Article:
I’m a bit of a rule follower. I like structure and boundaries and knowing what’s expected. This doesn’t mean that I never deviate from the path laid out before me, though. If that were the case, I never would have bucked the conventional wisdom of eating more whole grains and less meat in order to explore a paleo eating philosophy. But it does mean that I love it when I know what I can and can’t eat. It makes me feel comfortable and in control.
The Whole 30 was made for people like me. I am an expert at following the rules for specific eating regimens. In fact, I have been successful with Weight Watchers, Jenny Craig, Diet Center, the Standard American Diet (SAD) in its healthiest whole-grain/light protein manifestation, low-fat, low-carb…you name it, I’ve probably considered it at some point. You see, I’ve always loved food and I have spent decades searching for a way to eat that satisfied both my appreciation for food and good flavors and my understanding of how my body works and what my body needs.
Let me pause for a moment first to reiterate that paleo works for ME. I think it can also work wonders for others, hence sharing these things on my blog, but I am not in any way a judge of what others choose to eat. At all.
The reason the Whole 30 works so well for me is that it gives me the rules that I need to follow in order to be successful. My definition of success has several different elements to it. Yes, I would like to lose a few pounds and be a little leaner, but I am more interested in a long-term ability to feel thrilled and overjoyed in every eating situation. I have spent too many years worrying if this or that would make me gain weight or slow my weight loss. What I’m okay worrying about, though, is whether or not something makes me healthier inside and out. Physically AND psychologically. The Whole 30 gives me a brief respite from needing to assess if something makes me more or less healthy, if something will trigger a binge or not, even if something is too much or not.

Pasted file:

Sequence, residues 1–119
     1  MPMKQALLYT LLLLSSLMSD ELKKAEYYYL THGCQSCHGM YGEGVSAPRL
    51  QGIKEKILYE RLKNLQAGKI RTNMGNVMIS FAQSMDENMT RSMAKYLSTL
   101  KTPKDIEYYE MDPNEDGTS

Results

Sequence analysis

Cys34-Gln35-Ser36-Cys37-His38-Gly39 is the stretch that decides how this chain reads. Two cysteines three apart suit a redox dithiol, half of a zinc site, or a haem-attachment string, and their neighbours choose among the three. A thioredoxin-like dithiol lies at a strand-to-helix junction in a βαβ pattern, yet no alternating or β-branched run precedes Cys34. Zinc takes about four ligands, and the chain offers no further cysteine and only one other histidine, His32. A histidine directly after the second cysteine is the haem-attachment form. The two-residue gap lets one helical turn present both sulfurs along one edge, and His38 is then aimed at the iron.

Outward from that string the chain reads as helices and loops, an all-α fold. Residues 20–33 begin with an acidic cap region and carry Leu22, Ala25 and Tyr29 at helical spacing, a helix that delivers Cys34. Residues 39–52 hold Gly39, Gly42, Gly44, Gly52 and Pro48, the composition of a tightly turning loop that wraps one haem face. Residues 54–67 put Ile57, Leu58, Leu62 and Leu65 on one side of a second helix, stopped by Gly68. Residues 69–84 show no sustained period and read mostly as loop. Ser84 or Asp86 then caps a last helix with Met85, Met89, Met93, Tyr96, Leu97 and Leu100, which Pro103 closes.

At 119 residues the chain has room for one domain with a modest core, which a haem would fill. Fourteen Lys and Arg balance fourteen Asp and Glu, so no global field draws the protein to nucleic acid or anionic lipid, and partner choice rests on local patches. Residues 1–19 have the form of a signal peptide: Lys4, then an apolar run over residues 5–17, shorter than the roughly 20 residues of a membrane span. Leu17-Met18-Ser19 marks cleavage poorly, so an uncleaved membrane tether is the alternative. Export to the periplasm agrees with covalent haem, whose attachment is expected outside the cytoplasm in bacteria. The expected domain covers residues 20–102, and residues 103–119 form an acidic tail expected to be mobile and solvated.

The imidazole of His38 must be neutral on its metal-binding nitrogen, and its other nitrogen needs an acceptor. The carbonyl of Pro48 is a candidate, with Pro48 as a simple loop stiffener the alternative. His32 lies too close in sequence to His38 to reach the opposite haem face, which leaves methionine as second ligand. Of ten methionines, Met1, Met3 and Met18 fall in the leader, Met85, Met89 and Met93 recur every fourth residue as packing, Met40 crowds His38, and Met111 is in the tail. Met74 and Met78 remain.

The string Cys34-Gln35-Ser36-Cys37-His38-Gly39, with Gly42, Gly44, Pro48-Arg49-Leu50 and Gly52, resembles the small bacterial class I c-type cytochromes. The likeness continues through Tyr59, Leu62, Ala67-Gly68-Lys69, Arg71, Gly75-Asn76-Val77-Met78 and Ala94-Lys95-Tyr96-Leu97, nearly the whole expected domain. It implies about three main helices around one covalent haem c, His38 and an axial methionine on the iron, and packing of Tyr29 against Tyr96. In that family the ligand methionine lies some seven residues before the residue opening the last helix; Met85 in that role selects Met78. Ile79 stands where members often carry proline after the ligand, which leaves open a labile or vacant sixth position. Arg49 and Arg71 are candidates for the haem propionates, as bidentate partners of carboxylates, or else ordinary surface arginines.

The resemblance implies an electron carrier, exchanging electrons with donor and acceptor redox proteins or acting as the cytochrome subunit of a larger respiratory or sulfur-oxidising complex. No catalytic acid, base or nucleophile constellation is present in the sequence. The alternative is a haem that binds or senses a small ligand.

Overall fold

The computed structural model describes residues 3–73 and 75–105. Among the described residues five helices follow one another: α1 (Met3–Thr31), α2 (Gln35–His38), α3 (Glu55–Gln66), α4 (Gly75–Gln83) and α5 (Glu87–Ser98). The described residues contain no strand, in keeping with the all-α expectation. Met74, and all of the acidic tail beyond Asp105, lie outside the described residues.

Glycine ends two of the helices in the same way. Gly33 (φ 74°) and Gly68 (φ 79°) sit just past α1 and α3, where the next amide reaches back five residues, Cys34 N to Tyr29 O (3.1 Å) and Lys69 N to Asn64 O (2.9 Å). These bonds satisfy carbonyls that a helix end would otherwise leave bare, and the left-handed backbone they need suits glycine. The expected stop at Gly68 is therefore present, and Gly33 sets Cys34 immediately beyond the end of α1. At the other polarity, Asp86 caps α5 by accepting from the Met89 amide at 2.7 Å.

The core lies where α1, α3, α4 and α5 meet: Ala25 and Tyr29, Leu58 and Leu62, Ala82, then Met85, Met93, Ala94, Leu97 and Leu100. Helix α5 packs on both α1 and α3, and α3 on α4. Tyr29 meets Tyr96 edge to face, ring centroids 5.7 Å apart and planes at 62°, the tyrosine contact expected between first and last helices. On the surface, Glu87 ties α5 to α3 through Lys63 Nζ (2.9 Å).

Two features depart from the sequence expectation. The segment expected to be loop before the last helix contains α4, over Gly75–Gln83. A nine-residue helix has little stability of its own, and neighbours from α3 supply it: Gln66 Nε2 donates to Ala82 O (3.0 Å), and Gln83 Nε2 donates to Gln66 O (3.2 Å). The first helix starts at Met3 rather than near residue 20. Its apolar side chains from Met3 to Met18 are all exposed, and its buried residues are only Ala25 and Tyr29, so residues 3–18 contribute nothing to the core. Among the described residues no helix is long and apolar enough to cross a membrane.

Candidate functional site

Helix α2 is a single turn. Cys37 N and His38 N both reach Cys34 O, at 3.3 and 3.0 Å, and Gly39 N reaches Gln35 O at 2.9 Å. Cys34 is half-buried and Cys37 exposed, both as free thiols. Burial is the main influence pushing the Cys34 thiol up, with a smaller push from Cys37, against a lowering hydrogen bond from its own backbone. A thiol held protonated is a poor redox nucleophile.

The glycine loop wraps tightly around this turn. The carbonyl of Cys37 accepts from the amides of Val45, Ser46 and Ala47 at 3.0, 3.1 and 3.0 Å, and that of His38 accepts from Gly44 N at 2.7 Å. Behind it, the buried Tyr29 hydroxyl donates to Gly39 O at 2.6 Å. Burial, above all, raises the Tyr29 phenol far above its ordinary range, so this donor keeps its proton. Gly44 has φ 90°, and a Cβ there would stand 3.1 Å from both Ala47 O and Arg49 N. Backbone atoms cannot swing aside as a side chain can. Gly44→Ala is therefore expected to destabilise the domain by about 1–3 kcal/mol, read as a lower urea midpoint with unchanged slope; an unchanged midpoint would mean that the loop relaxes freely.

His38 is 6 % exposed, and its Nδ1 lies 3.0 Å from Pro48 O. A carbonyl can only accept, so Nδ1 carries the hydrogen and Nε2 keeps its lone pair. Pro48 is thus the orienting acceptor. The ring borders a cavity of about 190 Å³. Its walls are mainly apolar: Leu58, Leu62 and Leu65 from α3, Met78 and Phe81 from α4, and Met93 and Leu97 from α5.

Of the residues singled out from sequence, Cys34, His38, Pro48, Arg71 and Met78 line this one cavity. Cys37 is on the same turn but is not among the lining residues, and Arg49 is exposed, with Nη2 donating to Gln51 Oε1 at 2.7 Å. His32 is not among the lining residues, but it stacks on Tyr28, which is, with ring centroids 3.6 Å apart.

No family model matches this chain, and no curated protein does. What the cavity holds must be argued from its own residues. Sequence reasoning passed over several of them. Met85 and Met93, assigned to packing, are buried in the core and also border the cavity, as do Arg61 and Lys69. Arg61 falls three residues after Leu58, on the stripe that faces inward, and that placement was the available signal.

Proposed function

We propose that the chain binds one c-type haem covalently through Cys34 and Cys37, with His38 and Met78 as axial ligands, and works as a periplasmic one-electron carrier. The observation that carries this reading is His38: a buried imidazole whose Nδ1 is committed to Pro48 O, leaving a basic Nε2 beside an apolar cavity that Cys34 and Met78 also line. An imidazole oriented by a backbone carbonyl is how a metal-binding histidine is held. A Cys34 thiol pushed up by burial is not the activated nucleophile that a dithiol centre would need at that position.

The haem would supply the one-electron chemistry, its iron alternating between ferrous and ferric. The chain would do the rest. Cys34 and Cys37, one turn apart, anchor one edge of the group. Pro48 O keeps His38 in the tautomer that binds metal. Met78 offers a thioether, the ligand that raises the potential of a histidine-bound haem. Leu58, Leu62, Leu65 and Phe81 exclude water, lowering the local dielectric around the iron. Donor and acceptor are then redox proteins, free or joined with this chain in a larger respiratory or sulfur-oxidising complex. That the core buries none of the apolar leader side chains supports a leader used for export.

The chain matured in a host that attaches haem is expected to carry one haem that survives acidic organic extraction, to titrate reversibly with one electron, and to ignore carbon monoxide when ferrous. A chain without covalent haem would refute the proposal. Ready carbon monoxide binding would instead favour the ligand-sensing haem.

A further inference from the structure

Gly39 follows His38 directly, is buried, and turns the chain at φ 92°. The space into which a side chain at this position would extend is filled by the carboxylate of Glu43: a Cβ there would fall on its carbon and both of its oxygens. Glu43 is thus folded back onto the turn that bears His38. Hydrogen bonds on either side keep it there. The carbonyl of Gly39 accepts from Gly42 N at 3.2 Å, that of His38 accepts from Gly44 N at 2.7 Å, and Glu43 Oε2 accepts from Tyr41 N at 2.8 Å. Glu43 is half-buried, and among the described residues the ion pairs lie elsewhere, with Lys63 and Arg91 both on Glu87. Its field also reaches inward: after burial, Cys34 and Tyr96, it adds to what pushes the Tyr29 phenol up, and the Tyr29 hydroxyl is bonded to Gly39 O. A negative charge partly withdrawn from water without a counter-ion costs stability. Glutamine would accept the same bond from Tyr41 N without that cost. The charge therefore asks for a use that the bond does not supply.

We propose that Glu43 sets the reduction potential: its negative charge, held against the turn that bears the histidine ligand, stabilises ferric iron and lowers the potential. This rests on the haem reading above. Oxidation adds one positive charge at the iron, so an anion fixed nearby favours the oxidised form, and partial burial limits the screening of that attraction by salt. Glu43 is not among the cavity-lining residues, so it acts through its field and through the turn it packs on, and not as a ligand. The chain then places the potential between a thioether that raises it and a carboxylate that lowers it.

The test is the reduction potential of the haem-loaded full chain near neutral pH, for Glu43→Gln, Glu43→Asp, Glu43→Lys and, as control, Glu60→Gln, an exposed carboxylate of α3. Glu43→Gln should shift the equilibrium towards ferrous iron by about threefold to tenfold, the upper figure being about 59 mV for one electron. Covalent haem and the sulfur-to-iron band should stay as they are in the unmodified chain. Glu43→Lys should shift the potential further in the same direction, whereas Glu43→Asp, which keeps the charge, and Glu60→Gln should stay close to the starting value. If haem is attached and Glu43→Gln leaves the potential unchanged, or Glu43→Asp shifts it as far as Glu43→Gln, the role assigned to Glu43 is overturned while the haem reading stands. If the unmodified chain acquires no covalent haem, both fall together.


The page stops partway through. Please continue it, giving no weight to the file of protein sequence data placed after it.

During the Whole 30, I don’t step on the scale – (one of the rules) – so I don’t know whether some meal made me gain weight or not. When I’m journaling what I’m eating, sometimes it looks like too much (and a little part of me wonders if someone is judging that) but what I’m listening for is the signal from my body telling me if I’ve had enough or if I’m still hungry. That part of me has been damaged over the years and its voice is not very loud. What this process allows me to do is to go ahead and have some nuts or a spoonful of coconut butter or another piece of meat and to relax about it, knowing that the food is good for me and at some point I will find my balance.
This part is easy. When it becomes more difficult is when my Whole 30 comes to an end. At that point, I need to make these decisions independently, one by one, and they aren’t always easy. My plan is to stay fairly close to the Whole 30 guidelines, but my previous experience is that as I loosen things up, stray outside the boundaries, I move farther and farther away from them. But I’d rather not because I feel so much better without grains, processed food, sugar, even dairy. The trick is remembering that when social situations or cravings or long-standing habits get in the way.
In a few more days, I’ll be working hard to look at each situation and determine if my choice makes me healthier and, if it doesn’t, is it worth it? Do any of you struggle with this too?